Certain to Lose Power, France’s Socialists Argue Among Themselves

Benoît Hamon and the far left accuse social democrats like Manuel Valls of betraying the party.

Former prime minister Manuel Valls’ endorsement of Emmanuel Macron has widened a split in France’s ruling Socialist Party.

Benoît Hamon, the left’s presidential candidate, has taken Valls to task for going back on his word.

During the Socialist primary, Valls vowed to support his party’s nominee. Now that he has lost the contest, he wants leftwingers to support Macron instead in order to stop Marine Le Pen, the leader of the far-right National Front.


In response, Hamon has said France must turn the page on “old politics” and “politicians who no longer believe in anything.”

His appeal is not to the pragmatic center but the far left, where Jean-Luc Mélenchon has pushed him into fifth place.

Arnaud Montebourg, a left-wing firebrand who placed third in the Socialist primary, is even more critical, writing on Twitter: “Now everybody knows what a commitment made with honor by a man like Manuel Valls is worth: nothing.”

Other lawmakers have called Valls a “traitor” and a “saboteur”.

Who can beat Le Pen?

But Valls is hardly alone. Dozens of prominent Socialists have endorsed Macron, including Bertrand Delanoë, the former mayor of Paris, and Jean-Yves Le Drian, the incumbent defense minister.

They recognize that Hamon stands little chance in the first voting round later this month.

Since he won the nomination in January, Hamon’s support has only gone down: from a high of 17 percent in the polls to barely 10 percent.

Mélenchon’s popularity has surpassed Hamon’s. The once-fringe candidate has gone up from 12 to 15 percent support.

The two men briefly considered a pact, but now even that couldn’t save the French left. Their combined support would not be enough to best Macron and Le Pen, who are each polling at 25 percent.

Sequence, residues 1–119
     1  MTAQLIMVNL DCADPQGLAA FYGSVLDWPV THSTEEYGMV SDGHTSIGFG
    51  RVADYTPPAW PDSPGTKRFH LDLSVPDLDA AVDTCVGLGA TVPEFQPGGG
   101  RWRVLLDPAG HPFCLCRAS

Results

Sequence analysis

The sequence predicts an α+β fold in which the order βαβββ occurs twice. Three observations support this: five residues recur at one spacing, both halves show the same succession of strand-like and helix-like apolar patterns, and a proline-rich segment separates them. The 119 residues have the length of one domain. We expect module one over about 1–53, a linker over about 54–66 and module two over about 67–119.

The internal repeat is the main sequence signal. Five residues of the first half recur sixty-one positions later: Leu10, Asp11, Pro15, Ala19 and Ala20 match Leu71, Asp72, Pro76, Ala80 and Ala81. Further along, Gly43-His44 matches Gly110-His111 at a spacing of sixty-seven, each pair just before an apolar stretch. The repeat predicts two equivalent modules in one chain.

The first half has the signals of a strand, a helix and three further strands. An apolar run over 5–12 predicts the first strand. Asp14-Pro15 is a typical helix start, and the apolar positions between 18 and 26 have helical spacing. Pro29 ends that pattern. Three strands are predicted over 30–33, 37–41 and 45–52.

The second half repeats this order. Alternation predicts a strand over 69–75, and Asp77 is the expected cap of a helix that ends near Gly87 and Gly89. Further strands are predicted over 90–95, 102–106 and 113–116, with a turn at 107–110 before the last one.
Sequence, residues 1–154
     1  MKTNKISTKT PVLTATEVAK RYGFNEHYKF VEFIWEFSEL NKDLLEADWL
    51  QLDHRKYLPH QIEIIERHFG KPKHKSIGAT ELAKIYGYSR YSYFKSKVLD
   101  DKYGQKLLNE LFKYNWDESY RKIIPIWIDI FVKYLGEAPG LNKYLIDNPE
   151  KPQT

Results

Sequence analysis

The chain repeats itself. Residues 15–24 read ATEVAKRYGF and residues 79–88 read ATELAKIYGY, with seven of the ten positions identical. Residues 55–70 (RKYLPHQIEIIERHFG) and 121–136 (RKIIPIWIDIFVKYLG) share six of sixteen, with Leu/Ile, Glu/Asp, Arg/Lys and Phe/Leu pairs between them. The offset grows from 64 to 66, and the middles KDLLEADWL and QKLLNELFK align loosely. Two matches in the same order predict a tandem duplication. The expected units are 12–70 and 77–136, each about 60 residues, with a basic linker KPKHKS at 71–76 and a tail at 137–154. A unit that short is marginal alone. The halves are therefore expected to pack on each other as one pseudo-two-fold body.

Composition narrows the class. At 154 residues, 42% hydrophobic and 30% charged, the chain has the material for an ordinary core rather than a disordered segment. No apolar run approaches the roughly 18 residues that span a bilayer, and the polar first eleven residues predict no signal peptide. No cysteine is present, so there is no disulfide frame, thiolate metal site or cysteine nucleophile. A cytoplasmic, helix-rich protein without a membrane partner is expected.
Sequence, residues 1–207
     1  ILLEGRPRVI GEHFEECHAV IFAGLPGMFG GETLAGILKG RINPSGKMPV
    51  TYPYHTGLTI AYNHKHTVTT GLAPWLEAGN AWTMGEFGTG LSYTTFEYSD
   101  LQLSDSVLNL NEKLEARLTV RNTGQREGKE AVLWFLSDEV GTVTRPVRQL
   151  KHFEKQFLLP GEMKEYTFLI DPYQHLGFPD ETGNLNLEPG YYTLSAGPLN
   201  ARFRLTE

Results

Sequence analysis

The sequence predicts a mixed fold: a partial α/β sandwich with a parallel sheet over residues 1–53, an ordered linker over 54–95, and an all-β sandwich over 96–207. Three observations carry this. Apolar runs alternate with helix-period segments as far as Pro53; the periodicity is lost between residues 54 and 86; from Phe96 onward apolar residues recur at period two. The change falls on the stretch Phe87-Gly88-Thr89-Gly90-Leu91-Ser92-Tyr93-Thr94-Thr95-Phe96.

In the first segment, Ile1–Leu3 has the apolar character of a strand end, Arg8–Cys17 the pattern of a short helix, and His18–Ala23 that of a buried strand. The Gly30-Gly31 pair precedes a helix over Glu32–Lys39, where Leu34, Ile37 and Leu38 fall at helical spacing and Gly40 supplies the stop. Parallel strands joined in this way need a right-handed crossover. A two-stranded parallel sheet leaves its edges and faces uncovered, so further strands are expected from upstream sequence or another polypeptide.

The only risk for Macron is that the center-right Republican candidate, François Fillon, manages a comeback. He is currently polling under 20 percent, but was at 25 percent support earlier this year, before news broke that he had paid his family public salaries for seemingly non-existent work.

Whoever qualifies for the runoff against Le Pen is almost certain to beat her. It looks like Macron is the most left-wing candidate who can make it.


It’s not just political expediency that has convinced the likes of Valls to back Macron, however.

Hamon can claim conviction, but his policies are too far to the left of Middle France: He proposes significant tax increases in order to fund a universal basic income.

Macron, on the other hand, is hardly the neoliberal his foes make him out to be. As economy minister from 2014 to 2016, he cut taxes for employers, expanded shopping hours and liberalized intercity transport. Such measures would be uncontroversial in most countries, but they earned Macron the ire of the French left.

Realizing he could never win the party’s presidential nomination, the former investment banker stepped down in August to plot an independent campaign. Given Fillon’s implosion, it is now the last best hope of mainstream France.